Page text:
“When you are a latecomer, outsider, immigrant, exile, there are fractures in your life that you can’t heal… I have a lot of respect for people that have stayed behind and have to deal with the wounds every day.” Elif Shafak
Posts tagged "influences"
Staying in, not slowing down

Staying in, not slowing down

On the release of Both of You, her twenty-first novel in as many years, the author of the Number 1 bestselling Lies Lies Lies and Just My Luck reflects on keeping going during lockdown, some of her literary influences and heroes, and the routine and discipline that always underpin the creative process. Where are you now? Right...
All the love in the world

All the love in the world

“It is nice when two people come together in the universe,” Huma Qureshi remembers telling her young son in the opening pages of How We Met. He promptly asks how she and his dad Richard came to be together, and so begins Huma’s story of her quest for married love. It’s a short book –...
Lasting impressions

Lasting impressions

I often panic when I am asked about my ‘favourite’ books, especially since publishing my own debut novel Hashim & Family earlier this year. It is such a personal question – there is so much to be understood about someone from learning about the books that they love – that it can almost feel like...
Playing God

Playing God

Nikita Lalwani’s latest novel You People poses the tantalising question: in a world where the law is against you, how far would you be willing to lie for a chance to live? Set in London pizzeria where half the kitchen staff are undocumented immigrants, it is a witty and humane snapshot of undervalued lives and...
Spirits and stimulations

Spirits and stimulations

Rosanna Amaka’s The Book of Echoes is a searing debut novel about hope, redemption and the scars of history, narrated by the spirit of an enslaved African who journeys to 1980s Brixton and a sun-baked village in Nigeria, drawing together and transforming the lives of two youngsters who are struggling to hold onto their dreams....
Learning from the masters

Learning from the masters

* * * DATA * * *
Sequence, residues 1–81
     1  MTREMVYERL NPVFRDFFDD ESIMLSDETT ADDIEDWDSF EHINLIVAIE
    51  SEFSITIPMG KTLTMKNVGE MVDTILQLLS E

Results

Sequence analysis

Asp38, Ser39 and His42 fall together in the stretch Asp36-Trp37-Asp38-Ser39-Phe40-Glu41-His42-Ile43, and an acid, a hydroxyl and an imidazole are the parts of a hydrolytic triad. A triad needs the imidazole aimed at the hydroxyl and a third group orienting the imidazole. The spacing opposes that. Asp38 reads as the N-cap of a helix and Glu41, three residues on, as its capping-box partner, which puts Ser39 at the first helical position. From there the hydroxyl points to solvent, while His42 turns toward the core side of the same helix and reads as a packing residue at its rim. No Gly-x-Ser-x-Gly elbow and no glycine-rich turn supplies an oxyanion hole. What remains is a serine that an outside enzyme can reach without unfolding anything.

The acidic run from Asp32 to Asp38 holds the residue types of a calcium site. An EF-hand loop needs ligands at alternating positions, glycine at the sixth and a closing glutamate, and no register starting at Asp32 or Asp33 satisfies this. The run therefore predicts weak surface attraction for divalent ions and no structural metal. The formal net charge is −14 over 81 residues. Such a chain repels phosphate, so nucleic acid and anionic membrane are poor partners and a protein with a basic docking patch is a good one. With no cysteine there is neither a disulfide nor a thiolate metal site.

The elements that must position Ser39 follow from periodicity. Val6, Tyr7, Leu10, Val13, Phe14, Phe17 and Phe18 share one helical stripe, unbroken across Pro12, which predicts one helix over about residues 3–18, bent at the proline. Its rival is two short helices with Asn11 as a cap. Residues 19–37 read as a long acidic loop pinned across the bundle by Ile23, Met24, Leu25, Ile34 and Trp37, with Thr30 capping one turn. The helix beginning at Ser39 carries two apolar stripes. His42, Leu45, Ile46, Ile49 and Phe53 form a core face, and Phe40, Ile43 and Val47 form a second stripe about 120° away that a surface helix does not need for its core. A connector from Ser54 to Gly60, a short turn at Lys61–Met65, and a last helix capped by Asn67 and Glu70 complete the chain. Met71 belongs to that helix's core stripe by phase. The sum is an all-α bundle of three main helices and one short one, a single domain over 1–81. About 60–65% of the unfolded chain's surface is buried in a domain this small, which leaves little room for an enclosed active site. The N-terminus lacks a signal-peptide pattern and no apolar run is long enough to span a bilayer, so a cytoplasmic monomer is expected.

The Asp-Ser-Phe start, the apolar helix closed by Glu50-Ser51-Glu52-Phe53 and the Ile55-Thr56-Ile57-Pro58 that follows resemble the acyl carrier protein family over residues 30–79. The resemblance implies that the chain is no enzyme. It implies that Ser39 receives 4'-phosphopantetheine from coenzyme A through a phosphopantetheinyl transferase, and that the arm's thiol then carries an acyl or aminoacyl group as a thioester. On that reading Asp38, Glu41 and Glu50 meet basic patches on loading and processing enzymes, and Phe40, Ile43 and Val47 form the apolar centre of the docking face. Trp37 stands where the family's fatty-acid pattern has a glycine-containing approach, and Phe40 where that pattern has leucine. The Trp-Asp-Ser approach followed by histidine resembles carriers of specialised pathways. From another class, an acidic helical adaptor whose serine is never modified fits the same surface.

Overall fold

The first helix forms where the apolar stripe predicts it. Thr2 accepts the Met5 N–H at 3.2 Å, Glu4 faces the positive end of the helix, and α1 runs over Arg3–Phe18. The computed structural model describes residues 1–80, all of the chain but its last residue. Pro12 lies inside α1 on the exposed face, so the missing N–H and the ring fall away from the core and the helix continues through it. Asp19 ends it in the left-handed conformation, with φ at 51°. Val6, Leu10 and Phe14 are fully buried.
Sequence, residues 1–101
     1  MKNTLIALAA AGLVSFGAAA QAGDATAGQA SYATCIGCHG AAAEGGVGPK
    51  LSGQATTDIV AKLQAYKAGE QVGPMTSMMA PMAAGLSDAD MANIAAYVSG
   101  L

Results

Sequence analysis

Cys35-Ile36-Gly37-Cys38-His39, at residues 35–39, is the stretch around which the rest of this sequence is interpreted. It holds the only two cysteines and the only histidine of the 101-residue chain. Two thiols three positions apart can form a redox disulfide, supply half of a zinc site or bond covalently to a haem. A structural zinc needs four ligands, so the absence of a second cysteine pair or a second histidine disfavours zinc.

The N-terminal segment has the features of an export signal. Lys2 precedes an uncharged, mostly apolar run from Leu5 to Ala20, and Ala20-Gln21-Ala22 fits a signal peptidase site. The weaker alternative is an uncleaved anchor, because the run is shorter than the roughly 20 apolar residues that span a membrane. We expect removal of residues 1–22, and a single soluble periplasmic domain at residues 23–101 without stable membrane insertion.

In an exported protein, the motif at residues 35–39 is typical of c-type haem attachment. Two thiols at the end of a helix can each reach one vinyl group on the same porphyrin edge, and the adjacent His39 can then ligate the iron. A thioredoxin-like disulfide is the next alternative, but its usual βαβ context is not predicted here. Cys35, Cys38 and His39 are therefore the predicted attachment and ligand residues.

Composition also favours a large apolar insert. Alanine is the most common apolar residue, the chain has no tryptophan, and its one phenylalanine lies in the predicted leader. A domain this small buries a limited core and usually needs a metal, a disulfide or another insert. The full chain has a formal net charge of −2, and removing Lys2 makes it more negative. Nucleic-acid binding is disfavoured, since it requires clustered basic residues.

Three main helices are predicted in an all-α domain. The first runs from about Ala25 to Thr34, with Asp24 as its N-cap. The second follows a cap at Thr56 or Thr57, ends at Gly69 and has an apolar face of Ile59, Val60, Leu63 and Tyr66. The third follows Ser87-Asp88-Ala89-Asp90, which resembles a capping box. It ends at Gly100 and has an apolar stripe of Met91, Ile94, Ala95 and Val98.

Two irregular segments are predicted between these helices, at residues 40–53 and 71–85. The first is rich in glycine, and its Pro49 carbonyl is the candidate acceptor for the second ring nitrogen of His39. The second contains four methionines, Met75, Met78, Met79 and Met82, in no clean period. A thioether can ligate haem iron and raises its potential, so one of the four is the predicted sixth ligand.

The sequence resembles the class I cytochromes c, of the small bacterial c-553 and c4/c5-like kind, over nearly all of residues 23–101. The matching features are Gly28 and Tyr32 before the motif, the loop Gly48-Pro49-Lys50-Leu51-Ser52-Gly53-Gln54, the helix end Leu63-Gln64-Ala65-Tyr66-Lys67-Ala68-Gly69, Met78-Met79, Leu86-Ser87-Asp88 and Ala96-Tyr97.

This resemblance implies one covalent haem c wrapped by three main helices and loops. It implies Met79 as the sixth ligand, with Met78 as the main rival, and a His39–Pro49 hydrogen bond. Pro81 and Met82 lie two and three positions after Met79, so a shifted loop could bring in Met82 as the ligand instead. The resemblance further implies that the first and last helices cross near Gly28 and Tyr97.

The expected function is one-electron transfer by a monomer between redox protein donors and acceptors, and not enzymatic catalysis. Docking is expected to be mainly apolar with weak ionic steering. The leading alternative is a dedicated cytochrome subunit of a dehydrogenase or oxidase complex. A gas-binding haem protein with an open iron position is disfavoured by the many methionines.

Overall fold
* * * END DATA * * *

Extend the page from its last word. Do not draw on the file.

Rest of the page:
Forget thrillers. Forget horror. Forget (forgive me) crime, and historical novels, and all the rest. For me, if you want a page-turner, Icelandic sagas are where it’s at. Sagas are the novels of the medieval world. By which I mean, as prose narratives go, they’re miles ahead of anything else being written in medieval Europe:...
Morrissey built my bookshelf

Morrissey built my bookshelf

I didn’t read a lot as a child and, to a certain extent, I still don’t. Time being the most valuable commodity there is, ideas for my own writing – and the things that inspire me creatively – usually come from other sources; from visual media and, above all, from music. I’m someone who gets...
Sophisticated murder

Sophisticated murder

I was ten years old, living in England due to my father’s job transfer, when I first saw an Alfred Hitchcock film. That film was Dial M for Murder, Hitchcock’s 1954 adaptation of Frederick Knott’s stage play. If I were introducing the films of Alfred Hitchcock to a ten-year-old boy, Dial M for Murder would...
After dark

After dark

Chris Whitaker’s debut novel Tall Oaks is a suspenseful, sinister and hilarious story of a small town in the full glare of the world’s media after the mysterious disappearance of a young boy. He gives us the inside track on his writing and reading habits, big influences and favourite writers. Where are you now? At...
Imaginary friends

Imaginary friends

I’ve always surrounded myself with books. As a child they weren’t just my respite and my escape, they were larger than my reality and they fuelled my passion for, and the expectation of, the unlikely. Nor were their authors my heroes in the current understanding of the role. I didn’t expect to meet them in...